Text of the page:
72.  Stresses the importance of anchoring CSR in free trade agreements with third or developing countries in order to promote human rights and social and environmental standards; suggests including a comprehensive human rights chapter, in addition to social and environmental chapters, in all future free trade agreements; calls as well on the Commission to use free trade agreements to promote the four core labour standards, namely the freedom of association and the right to collective bargaining; the elimination of all forms of forced labour; the abolition of child labour; and the elimination of discrimination in the area of employment; stresses also that the monitoring and enforcement mechanisms of the GSP+ scheme should be further strengthened;

73.  Reiterates that the consistent application of the human rights clause of agreements is fundamental in relations between the European Union and its Member States and third countries; stresses the importance of reviewing how Member States have cooperated with the apparatus of repression in the name of countering terrorism; underlines, in this respect, the need for the newly revised European Neighbourhood Policy to focus on providing support for security sector reform and, in particular, to ensure a clear separation of intelligence and law enforcement functions; calls on the VP/HR, the EU Special Representative on Human Rights, the EEAS, the Council and the Commission to step up their cooperation with the Committee for the Prevention of Torture, and with other relevant Council of Europe mechanisms, in the planning and implementation of counter-terrorism assistance projects with third countries, and in all forms of counter-terrorism dialogues with third countries;

74.  Emphasises the importance of continuing the work on global practices relating to secret detentions in the context of countering terrorism; stresses that combating terrorism can under no circumstances be used as a justification for violations of human rights, whether in third countries or in the EU; draws attention, in this respect, to the adoption of its resolution of 11 September 2012 entitled ‘Alleged transportation and illegal detention of prisoners in European countries by the CIA: follow-up to the European Parliament TDIP Committee report at the request of the Member States and implementation of its recommendations’;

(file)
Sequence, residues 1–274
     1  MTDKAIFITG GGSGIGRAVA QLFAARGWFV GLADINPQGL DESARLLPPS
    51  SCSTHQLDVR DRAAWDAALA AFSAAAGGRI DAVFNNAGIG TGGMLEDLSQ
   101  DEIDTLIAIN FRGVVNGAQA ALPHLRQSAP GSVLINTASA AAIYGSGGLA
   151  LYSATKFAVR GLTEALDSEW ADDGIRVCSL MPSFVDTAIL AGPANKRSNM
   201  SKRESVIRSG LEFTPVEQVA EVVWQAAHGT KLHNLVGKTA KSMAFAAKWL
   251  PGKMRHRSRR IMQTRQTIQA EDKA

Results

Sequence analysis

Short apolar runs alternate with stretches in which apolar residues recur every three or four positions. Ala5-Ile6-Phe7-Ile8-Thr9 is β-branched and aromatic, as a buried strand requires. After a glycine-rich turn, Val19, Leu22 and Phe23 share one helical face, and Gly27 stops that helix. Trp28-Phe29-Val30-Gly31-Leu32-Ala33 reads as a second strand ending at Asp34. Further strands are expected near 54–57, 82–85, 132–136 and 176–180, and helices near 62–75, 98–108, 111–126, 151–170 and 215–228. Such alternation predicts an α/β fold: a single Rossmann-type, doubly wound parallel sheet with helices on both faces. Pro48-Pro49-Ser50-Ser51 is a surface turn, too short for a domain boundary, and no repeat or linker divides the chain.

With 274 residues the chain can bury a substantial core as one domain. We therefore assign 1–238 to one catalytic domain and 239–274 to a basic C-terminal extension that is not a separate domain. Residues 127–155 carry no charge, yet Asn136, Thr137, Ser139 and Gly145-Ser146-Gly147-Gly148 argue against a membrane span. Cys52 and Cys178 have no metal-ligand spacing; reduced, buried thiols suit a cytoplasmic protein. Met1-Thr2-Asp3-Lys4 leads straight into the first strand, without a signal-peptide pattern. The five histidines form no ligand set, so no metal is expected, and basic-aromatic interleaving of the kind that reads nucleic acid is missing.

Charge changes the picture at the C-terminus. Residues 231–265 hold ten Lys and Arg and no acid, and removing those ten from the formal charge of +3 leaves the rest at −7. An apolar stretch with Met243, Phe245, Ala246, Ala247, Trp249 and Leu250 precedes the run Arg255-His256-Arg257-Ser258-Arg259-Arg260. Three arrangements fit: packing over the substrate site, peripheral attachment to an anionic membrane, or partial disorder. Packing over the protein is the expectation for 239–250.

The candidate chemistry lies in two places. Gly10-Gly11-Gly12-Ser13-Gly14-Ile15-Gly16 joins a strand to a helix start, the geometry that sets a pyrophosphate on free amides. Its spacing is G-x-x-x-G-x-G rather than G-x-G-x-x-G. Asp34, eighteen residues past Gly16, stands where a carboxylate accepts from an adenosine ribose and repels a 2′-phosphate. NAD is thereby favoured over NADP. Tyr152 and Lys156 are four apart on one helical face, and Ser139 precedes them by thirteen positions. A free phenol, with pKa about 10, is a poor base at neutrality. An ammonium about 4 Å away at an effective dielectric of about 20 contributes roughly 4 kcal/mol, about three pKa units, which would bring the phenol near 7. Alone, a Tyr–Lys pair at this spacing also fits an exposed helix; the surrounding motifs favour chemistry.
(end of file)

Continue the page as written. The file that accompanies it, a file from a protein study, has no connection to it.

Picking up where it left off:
75.  Insists on the importance for the EU to fully abide by and implement its international obligations, policies and foreign policy instruments, such as the torture guidelines and human rights dialogues, so that it can be more credible in its call for the rigorous implementation of human rights clauses in association agreements, and to urge its major allies to respect their own domestic and international laws;

76.  Recommends, in order to enhance the credibility of the human rights clause and the predictability of EU action, that the clause be further developed to include political and legal procedural mechanisms to be used in the event of a request for the suspension of bilateral cooperation on the grounds of repeated and/or systematic human rights violations in breach of international law;

77.  Calls on the European Union to ensure that all trade agreements it signs with third countries include clauses which promote social cohesion, ensure respect for social, environmental and labour standards and the sound management of natural resources, in particular land and water; notes that the EU is developing a human rights monitoring mechanism to be included as part of new partnership and cooperation agreements, and other trade agreements, with a number of countries; stresses that these monitoring mechanisms are not ambitious enough and not clearly defined, compromising the EU’s treaty commitment to the promotion of human rights and democracy in the world; is particularly concerned in this regard about the Partnership and Cooperation Agreement (PCA) with Uzbekistan and the pending PCA with Turkmenistan;

78.  Reiterates its recommendation that the EU adopt a more consistent and efficient policy on EU sanctions and restrictive measures, providing clear criteria for when these are to be applied and what type of sanctions should be applied, and including transparent benchmarks for their lifting; calls on the Council to ensure that there are no double standards when deciding on restrictive measures or sanctions and that these are applied regardless of political, economic and security interests;